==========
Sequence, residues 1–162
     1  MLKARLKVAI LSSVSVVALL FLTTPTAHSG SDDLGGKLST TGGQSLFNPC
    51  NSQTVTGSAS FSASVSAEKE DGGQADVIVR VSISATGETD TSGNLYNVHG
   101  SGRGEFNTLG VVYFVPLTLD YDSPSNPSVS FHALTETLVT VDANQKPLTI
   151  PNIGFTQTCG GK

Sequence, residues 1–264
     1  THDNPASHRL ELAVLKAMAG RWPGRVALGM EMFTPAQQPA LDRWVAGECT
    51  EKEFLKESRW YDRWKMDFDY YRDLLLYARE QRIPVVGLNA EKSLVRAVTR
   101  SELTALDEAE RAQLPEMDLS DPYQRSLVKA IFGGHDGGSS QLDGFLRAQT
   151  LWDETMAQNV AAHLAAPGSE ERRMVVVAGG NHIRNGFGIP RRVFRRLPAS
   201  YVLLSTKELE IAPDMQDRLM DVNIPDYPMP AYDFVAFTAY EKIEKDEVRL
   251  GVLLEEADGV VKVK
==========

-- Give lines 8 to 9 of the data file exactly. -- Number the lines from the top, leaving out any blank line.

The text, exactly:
    51  EKEFLKESRW YDRWKMDFDY YRDLLLYARE QRIPVVGLNA EKSLVRAVTR
   101  SELTALDEAE RAQLPEMDLS DPYQRSLVKA IFGGHDGGSS QLDGFLRAQT